Community civic projects are always searching for funding sources. Gaining funding from multiple sources is now commonplace as rarely does on pot of funding have enough money to complete transformational projects in urban or rural communities.  Two civic project funding sources, the state of Ohio Capital Budget Community Project legislation and the federal budget earmark legislation, both offer critical funding for communities, health care institutions, arts groups and other not-for-profit institutions.  An even better approach is to combine a lobbying approach to gain funding from these two sources through one coordinated platform.

The state of Ohio Capital Budget Community Project fund is a piece of the state of Ohio Capital Bill that is introduced and passed by the Ohio General Assembly every two years—in even number years. The Ohio Capital Budget legislation is how the state government funds state agencies, K-12 schools and state universities and community colleges capital needs but the legislation since the late 1980s has also taken a small percentage of that budget and designated for use on “community projects.”  Local governments, arts and theaters, professional sports stadiums, workforce development projects, community health care projects, and parks and trails projects have all benefited from state of Ohio Capital Budget Funding.  As the number of State of Ohio Capital Budget Community Projects has risen and spread to rural legislative districts, the average award has decreased over the past several years.

The Congress is close to completing the return of Federal Budget Earmarks through a transparent process that provides funding for local governments, airports, hospitals, arts and theaters and other not-for-profit institutions to fund a wide range of economic development, workforce development, community development, health care, infrastructure, and other critical community projects.  Federal Budget Earmarks become controversial a decade ago, but the current Congress has reinstituted them with very different transparency rules that limit the number of earmarks and require members of Congress to publicly request the earmark and force the U.S. House Appropriation Committees to publicly list what earmarks they are including in the federal budget and who requested the funding.  The U.S. House has completed their appropriation process and it include a number of federal budget earmarks that included earmarks in the following U.S. House Appropriations Subcommittees with the average earmark amount listed below:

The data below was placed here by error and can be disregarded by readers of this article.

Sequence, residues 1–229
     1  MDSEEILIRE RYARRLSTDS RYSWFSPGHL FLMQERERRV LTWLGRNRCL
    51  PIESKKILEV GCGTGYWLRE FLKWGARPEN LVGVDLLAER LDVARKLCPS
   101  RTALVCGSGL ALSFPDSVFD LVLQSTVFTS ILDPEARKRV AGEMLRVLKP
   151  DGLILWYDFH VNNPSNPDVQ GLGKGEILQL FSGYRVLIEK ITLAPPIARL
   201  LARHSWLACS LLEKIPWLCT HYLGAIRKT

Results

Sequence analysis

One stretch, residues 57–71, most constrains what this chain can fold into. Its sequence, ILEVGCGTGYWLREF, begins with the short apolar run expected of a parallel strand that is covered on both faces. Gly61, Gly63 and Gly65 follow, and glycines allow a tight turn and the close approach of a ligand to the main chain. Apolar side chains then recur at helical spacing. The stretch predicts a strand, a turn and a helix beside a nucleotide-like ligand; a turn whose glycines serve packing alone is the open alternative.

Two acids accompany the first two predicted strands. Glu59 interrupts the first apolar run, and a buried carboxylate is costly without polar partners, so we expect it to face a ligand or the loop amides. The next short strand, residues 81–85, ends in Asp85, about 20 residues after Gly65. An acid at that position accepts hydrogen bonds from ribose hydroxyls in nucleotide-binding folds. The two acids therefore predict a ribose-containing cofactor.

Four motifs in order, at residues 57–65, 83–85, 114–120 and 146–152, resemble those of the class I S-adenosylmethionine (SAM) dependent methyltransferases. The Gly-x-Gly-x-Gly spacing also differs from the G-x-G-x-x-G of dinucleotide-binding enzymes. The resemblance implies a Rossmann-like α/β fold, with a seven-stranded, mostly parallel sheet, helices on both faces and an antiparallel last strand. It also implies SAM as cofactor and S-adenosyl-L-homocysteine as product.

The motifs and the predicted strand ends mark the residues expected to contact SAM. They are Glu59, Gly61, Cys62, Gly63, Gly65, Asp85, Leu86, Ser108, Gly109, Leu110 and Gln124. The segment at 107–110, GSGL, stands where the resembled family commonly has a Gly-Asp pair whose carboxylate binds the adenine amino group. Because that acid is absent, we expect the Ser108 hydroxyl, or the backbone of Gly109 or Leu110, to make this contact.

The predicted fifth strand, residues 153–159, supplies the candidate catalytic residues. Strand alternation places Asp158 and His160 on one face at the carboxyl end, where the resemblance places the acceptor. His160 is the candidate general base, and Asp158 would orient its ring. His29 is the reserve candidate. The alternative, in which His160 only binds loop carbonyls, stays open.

• Criminal Justice and Science average Ohio based federal budget earmark of $659,000;
  • Energy & Water average Ohio based federal budget earmark of $1,731,800;
  • Interior average Ohio based federal budget earmark of $2,228,153;
  • Labor, HHS average Ohio based federal budget earmark of $891,071;
  • Military Construction average Ohio based federal budget earmark of $16,300,000; and  
  • Transportation, HUD  average Ohio based federal budget earmark of $1,812,350. 

Ohio Organization’s Designated for Federal Budget Earmarks by U.S. House of Representatives

The lobbying process to gain both state of Ohio Capital Bill Community Project funding and Federal Budget Earmark funding is the same—the money is awarded in different cities.  An approach that can gain additional funding and create efficiencies is to launch a combined lobbying campaign funding the same project with state of Ohio Capital Budget Community Project and Federal Budget Earmark awards. Both processes demand a high-quality civic project, fund common projects, local community support and connections to local legislative leaders.  This two for one approach could prove successful in doubling the funding for critical projects all across the Buckeye state.

Please contact Dave Robinson at drobinson@montrosegroupllc.com if you have questions or an interest in learning more about a combined lobbying approach for state of Ohio Capital Budget and Federal Budget Earmark projects.